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Your Will Is My Command

Interpersonal mitzvos are much more profound, and more demanding, than we think


Prepared for print by Rabbi Eran Feintuch


uring the days of Sefiras Ha’omer, we mourn the deaths of Rabi Akiva’s 24,000 students who passed away during this period. The Gemara says these students were punished for not treating one another with the honor they deserved. Appropriately, during this period many of us try to improve in the area of mitzvos bein adam l’chaveiro.

How do we work on that? We think it’s simple, though not always easy. Smile, help out, be considerate… in other words, be a mensch. But the truth is that interpersonal mitzvos are much more profound, and more demanding, than we think.

Every morning after birchos haTorah, we learn about the mitzvos “for which one enjoys the fruits in This World, while the principal reward remains intact in the World to Come.” Interestingly, the Rosh notes that most of these mitzvos are bein adam l’chaveiro, while only a few are bein adam l’Makom. Why is that?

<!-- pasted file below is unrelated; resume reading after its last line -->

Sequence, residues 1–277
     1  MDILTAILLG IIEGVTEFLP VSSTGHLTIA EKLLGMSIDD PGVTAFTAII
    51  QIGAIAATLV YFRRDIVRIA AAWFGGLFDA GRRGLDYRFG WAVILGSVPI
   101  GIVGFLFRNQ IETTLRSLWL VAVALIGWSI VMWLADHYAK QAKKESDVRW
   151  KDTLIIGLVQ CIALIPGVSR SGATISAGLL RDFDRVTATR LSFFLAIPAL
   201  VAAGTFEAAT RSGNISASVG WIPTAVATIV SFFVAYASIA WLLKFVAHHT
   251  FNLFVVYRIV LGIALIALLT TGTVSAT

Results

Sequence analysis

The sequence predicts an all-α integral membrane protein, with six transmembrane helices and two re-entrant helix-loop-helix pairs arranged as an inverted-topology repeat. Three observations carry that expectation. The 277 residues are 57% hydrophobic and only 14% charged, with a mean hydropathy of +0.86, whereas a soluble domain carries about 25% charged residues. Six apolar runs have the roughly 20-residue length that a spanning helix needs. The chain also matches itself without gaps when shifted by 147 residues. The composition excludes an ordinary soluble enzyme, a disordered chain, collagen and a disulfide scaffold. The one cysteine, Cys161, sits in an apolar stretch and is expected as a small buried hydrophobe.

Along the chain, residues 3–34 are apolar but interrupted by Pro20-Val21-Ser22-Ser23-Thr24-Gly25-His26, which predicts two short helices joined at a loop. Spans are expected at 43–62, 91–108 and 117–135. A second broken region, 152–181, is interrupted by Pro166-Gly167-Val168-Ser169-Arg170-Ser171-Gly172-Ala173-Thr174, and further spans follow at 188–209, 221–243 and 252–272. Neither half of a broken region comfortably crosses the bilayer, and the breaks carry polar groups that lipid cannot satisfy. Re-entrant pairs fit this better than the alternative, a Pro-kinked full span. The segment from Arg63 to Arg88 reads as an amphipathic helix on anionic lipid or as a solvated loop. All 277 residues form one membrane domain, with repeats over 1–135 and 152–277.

Explains the Rosh: Hashem is more interested in bein adam l’chaveiro, because these mitzvos require doing the will of other people as well as His own.

Hashem is more interested in bein adam l’chaveiro! When we imagine someone who really cares about doing Hashem’s Will, we think of someone who’s extremely meticulous in kashrus, Shabbos, and brachos. After all, mitzvos bein adam l’Makom are the ones that concern our relationship with Hashem.

But, says the Rosh, Hashem’s highest will is bein adam l’chaveiro. That doesn’t mean these mitzvos are more important, or more severely judged. But they are especially dear to Hashem. We should make our bein adam l’chaveiro a major area of focus, not just during Sefiras Ha’omer.

If we pay close attention to the words of the Rosh, we’ll see he’s teaching us not only how important the mitzvos of bein adam l’chaveiro are, but also how we should approach them. Why is bein adam l’chaveiro so important to Hashem? Because the fulfillment of these mitzvos involves doing our fellow’s will in addition to Hashem’s.